Mental Energy and Fuelling Yourself for Learning Guitar

English: Pepitas - roasted and salted
Pumpkin seeds – one of my favourite brain foods! (Photo credit: Wikipedia)

 

 

 

I’ve been reading a book recently by the name of “Thinking, Fast and Slow” by Nobel Prize-winning author Daniel Kahneman (it’s a great read, you should check it out: http://www.amazon.com/Thinking-Fast-Slow-Daniel-Kahneman/dp/0374533555) . In this Kahneman discusses the idea that we have two “systems” operating in the brain:

 

  • System 1 – which is the “non-thinking” part of us, responsible for things that we do automatically, such as reflexes, reactions, habits and so on.

 

  • System 2 – which is the “thinking” part of us, responsible for us undertaking activities that require concentration, attention and mental effort.

 

This concept resonated with me in relation to learning the guitar, particularly so given that I’ve been learning a brand spanking new piece recently. It got me thinking that when we’re playing guitar, playing something we know absolutely inside out, backwards and upside down, something we’ve been playing for a long time, we’re really playing through our “System 1”. We’ve embedded something so much that it becomes a habit. And so it stands to reason, therefore, that when we’re learning something new, we’re utilising our “System 2” – concentrating and using real, discernable mental effort.

 

The new piece I’ve been learning recently is particularly involved, lengthy and intense – learning it has required some of the most intense mental effort and concentration I think I’ve ever exerted! After one particular lesson on this piece I felt like my brain had been pulled out backward through my head. I felt like I was like a zombie. I was also starving hungry! This is my “System 2” in full flight.

 

According to Kahneman:

 

“…the idea of mental energy is more than a mere metaphor. The nervous system consumes more glucose than most other parts of the body, and effortful mental activity appears to be especially expensive in the currency of glucose. When you are actively involved in difficult cognitive reasoning or engaged in a task that requires self-control, your blood glucose level drops. The effect is analogous to a sprinter who draws down glucose stored in her muscles during a sprint.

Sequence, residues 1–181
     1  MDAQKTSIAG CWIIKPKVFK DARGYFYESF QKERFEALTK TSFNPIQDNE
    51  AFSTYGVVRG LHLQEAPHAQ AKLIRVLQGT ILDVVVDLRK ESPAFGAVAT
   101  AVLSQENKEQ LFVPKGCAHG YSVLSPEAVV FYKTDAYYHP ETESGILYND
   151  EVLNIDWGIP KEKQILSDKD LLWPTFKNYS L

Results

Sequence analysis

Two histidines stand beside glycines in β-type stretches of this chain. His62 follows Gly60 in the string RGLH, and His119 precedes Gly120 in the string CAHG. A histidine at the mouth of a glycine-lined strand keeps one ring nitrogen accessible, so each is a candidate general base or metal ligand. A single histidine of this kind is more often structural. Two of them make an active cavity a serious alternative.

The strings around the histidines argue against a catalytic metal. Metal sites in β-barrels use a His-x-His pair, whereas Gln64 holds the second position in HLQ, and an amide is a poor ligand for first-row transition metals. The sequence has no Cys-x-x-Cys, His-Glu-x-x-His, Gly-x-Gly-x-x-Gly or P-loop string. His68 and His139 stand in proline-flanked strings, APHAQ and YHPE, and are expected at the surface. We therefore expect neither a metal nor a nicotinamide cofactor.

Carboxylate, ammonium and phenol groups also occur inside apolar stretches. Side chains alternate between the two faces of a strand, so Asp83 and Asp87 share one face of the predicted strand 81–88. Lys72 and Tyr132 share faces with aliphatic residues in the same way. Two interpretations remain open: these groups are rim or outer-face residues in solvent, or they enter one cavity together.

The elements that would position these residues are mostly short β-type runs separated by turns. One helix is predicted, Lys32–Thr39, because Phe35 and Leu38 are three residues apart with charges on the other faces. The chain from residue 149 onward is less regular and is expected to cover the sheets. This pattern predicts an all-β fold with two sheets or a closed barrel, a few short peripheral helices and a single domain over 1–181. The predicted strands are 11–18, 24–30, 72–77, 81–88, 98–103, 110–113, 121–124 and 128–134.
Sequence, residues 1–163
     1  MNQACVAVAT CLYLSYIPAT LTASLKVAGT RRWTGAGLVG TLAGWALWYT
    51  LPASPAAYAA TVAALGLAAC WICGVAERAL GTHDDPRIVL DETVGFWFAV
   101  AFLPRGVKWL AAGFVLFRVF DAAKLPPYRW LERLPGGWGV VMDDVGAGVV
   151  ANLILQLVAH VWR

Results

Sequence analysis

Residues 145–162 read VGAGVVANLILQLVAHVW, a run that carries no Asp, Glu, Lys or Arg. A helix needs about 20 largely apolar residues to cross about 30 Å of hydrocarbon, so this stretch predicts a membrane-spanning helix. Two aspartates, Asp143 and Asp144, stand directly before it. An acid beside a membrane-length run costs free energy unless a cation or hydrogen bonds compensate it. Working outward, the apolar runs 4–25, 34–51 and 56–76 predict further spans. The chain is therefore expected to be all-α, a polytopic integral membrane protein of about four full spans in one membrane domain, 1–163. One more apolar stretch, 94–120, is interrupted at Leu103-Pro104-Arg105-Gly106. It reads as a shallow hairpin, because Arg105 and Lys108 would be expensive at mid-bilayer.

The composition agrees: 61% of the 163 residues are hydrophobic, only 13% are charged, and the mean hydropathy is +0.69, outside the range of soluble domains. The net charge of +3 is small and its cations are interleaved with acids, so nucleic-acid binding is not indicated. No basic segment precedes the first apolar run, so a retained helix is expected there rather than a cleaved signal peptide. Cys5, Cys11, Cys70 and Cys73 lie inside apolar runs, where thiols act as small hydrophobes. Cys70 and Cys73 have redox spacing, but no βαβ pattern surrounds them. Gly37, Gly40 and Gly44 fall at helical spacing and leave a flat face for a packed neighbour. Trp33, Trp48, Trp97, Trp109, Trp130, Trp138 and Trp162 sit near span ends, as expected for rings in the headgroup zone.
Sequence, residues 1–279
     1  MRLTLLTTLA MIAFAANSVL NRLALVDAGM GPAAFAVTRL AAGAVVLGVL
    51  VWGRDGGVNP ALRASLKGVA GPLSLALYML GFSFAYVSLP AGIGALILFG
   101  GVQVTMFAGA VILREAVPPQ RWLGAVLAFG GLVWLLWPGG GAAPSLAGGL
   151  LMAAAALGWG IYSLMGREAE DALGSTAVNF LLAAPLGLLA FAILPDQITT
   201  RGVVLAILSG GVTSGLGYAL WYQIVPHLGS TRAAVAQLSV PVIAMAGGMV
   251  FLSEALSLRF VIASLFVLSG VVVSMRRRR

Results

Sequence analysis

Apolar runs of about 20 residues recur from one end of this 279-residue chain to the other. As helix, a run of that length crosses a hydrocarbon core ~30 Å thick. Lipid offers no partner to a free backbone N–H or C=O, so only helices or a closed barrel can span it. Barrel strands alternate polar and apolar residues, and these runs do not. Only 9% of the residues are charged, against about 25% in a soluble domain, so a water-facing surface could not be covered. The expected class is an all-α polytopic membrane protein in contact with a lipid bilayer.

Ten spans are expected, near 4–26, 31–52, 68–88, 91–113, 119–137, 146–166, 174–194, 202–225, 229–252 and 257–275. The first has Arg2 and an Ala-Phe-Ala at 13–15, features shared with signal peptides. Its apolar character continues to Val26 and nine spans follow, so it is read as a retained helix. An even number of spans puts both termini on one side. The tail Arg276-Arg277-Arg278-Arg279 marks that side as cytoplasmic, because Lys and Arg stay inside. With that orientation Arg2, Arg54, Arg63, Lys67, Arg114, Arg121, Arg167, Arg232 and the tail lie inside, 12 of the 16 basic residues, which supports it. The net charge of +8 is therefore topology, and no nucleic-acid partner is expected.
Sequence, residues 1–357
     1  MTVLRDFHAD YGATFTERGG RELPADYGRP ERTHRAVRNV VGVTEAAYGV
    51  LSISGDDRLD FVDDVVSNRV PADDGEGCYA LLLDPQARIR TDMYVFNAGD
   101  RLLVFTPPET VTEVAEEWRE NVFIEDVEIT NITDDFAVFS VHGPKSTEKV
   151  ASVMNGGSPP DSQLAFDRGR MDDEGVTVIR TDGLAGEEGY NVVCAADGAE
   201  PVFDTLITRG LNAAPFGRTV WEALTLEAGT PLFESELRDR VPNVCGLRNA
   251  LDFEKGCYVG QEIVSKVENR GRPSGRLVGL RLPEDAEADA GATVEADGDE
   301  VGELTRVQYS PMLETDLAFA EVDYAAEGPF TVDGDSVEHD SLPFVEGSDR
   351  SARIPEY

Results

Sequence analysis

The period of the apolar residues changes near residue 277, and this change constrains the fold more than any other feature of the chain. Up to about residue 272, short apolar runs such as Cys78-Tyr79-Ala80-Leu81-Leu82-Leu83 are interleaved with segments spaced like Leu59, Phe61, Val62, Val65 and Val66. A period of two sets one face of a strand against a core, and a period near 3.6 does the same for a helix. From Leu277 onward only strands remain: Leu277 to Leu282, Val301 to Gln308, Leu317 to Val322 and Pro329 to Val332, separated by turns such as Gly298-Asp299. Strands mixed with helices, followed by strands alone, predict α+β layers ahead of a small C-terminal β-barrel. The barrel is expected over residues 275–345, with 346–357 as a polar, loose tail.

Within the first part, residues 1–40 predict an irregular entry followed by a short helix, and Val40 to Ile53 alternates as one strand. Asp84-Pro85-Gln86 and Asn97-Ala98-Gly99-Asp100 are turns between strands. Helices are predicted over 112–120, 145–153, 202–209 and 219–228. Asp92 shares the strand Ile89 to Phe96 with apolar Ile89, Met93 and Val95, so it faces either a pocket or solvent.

Hmmm, very interesting. So when we’re learning a new piece on the guitar, really concentrating on reading each and every note, pitch, duration, rhythm, left hand fingering, right hand fingering, positioning on the fretboard and keeping it all together and all moving, we’re actually doing something akin to a mental sprint or some kind of mental “run” at least. You’re burning real energy, and burning it at a much greater rate than you probably would be when working on something you know inside out.

 

It’s probably a good idea, therefore, to think about fuelling yourself up sufficiently prior to a good solid practice session, particularly if you’re working on something brand spanking new! You don’t have to go crazy and use it as an excuse to pig out or to eat a lot of sugary or fatty foods. Just a little of something wholesome and nutritious before you sit down (and a glass of water so you’re well hydrated) is probably a good idea.

 

I’m no nutritionist, but something like a wee ham, cheese, salad sandwich on wholemeal, some Nutella or peanut butter on wholemeal, a handful of nuts and dried fruits or a banana prior to practice time sets me up well.

 

Here are some other ideas for you:

 

http://www.huffingtonpost.co.uk/2011/11/16/brain-boosting-foods-that-increase-concentration_n_1096824.html

 

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